Experiments in Copper
and Zinc

Nancy C. Bryant

Student Projects, Print Making

 

Young Girl in Cafe with Street View. Lesser Ury (1861-1931). Etching.

 

Introduction

The purpose of this project was to experiment with Copper and Zinc plates to see the effects of different printmaking techniques on the two metals. Proof. Fitz initiated the idea and helped me research the different techniques. The project quickly turned to a long process of mastering the individual techniques so that I was able to even produce a working plate. I tested for correct acids, dilutions, time,ground, and used the techniques of crosshatching, drypoint, aquatint, and studied line over a gradually increased amount of time in the acid.

Background

The use of Copper dates back at least to China in 5000 B.C. The metal is very versatile and alloyed as Bronze will give rise to the Bronze age itself. In printmaking, Copper Plates were used by most of the earlier engravers as well as the famous Albrecht Durer himself. Copper is softer and more malleable than Zinc. The stylus itself can make impressions on the plate that appear like etching through the ground.

Zinc is dated back the 1300 BCE near modern Israel and India. The chemical buildup of the metal along with its high reactivity and low boiling point kept Zinc from much common use. By 30 BC, however, the alloy Brass is discovered. Once pure Zinc was found in the 1500's, scientists were able to examine the metal more closely as the problems of high reactivity lessen in its pure form.

The technique of engraving dates back as far as gave art. The Japanese will turn the technique to woodblock engraving and thus begin making successful prints beyond the above primitive technique as early as the 8th century AD. It is not until the 16th century that artists such as Durer and later Rembrandt begin utilizing the etching technique with acid. Goya will lend huge influence in the 18th century, The 19th century Impressionists will achieve greater from Japanese Influence and then Picasso and others will take up the task again in the 20th. The attempt to produce art from creations of line by different techniques for printmaking is an ongoing experiment.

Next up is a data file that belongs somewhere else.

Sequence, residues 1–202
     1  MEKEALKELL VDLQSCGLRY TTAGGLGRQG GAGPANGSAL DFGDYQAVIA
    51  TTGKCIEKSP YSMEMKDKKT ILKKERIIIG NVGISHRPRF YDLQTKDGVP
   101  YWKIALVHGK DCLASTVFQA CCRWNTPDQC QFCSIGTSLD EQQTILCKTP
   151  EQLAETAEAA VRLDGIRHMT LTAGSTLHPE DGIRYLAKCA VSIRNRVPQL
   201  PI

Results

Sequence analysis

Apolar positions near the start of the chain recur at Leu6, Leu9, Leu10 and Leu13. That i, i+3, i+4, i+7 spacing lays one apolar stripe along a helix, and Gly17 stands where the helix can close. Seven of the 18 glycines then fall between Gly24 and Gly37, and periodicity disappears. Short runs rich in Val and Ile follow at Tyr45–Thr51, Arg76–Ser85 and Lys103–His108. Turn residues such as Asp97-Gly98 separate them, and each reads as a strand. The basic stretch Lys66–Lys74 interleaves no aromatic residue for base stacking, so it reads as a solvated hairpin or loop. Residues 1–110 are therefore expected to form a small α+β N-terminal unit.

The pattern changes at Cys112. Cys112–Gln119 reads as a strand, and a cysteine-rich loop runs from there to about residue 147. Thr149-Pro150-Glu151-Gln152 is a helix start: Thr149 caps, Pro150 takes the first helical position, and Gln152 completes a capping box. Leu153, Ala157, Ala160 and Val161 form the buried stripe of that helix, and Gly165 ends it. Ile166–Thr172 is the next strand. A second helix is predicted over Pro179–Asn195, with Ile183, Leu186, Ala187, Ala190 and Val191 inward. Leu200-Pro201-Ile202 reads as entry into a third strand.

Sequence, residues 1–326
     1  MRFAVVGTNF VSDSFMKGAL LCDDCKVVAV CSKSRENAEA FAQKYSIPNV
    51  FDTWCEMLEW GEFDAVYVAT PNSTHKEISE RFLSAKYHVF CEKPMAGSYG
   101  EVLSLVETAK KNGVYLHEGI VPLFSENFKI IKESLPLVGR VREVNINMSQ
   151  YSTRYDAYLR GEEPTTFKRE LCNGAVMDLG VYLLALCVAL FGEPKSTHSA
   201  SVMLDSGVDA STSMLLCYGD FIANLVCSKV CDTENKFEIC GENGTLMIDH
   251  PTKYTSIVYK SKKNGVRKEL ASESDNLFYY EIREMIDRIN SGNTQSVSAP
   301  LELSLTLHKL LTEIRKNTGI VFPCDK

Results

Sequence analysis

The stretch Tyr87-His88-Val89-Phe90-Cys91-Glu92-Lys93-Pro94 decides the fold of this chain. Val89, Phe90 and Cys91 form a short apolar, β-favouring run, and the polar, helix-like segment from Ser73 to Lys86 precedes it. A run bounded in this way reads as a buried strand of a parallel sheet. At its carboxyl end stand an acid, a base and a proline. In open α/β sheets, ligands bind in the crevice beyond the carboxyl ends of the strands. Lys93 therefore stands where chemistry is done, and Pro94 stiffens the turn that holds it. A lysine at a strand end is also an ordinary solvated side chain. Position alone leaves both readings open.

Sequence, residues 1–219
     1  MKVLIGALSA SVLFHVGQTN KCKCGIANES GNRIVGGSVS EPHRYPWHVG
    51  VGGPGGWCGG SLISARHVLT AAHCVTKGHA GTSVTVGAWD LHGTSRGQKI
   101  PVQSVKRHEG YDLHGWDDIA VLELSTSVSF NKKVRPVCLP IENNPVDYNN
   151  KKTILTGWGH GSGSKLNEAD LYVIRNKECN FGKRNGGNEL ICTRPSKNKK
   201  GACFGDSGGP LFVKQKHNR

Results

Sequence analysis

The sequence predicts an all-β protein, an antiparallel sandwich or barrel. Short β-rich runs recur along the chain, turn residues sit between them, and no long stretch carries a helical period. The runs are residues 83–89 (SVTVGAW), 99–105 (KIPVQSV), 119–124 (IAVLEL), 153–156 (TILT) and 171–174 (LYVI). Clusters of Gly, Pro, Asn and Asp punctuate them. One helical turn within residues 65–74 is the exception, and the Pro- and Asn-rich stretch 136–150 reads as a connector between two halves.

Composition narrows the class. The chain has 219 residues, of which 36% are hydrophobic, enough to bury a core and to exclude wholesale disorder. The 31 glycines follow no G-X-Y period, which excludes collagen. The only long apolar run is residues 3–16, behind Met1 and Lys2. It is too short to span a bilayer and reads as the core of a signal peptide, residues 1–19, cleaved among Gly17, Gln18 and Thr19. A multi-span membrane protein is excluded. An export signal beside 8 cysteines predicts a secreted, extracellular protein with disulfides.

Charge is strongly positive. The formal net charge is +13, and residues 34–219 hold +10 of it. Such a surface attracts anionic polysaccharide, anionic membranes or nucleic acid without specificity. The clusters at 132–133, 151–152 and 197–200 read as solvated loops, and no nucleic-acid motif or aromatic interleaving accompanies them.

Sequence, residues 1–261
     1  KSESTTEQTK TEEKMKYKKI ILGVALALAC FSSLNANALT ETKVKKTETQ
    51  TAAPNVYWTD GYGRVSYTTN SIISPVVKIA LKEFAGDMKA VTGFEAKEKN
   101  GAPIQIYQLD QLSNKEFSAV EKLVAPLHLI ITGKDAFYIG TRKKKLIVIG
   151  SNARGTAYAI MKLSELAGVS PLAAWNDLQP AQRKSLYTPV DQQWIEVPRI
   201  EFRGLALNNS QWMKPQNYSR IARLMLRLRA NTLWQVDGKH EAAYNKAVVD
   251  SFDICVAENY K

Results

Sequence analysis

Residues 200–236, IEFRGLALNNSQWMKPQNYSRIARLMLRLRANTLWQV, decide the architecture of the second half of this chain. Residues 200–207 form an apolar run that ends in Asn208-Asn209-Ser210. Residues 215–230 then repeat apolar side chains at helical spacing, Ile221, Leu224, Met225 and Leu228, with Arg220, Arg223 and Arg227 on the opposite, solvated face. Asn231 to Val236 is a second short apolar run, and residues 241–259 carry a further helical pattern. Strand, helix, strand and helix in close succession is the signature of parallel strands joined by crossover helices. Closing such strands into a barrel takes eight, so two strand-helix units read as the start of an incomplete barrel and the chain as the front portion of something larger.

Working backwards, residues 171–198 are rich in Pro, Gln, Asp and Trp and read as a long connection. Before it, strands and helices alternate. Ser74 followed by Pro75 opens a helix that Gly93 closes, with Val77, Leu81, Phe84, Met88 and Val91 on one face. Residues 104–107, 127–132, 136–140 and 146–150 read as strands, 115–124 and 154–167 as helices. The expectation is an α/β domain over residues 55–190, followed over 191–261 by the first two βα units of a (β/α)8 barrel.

Procedure

 

Part A: Zinc Plate

1. Clean the Plate with the Pomade and Mineral Spirits. Use the Isopropyl Alcohol to wash the entire plate clean.

2. Cover the Plate with Hard Ground and allow it to dry.

3. Experiment One: Etch a single line into the right side of the plate and label it I in 3M Nitric Acid. Place the plate into a solution of 3M Nitric Acid for 3 minutes. After 3 minutes remove the plate and add a second line marked II. Continue this process, adding a line every three minutes until you have 5 lines, with the first line etched for a total of 15 minutes. Take the plate and remove the ground to observe results.

4. Experiment Two: Re-cover the plate with hard ground and allow it to dry. Etch a crosshatching pattern into the next quarter of the plate and allow to etch in a 3M nitric acid bath for 5 minutes. After five minutes, wash the plate clean.

 

5. Experiment Three: Drypoint. Take the stylus and create two lines in the Zinc Plate

6. Experiment Four: Aquatint. Cover the entire plate with ground and allow to dry. Etch a design suitable for aquatint in the bottom quarter of the plate. Etch in a 3M Nitric Acid bath for 6 minutes. Wash the plate clean. Then, apply the enamel to the surface of the plate from a distance great enough to not give a complete cover but rather a thin, dotted layer of enamel. Put in 3M bath for 6 minutes.

Part B: Copper Plate

1. Clean the plate with the pomade. Plate will require steel wool instead of a paper towel. Rinse with Mineral Spirits. Wash entire plate with isopropyl alcohol.

2. Spray back of plate and completely cover with enamel. Cover front of plate in hard ground and allow it to dry.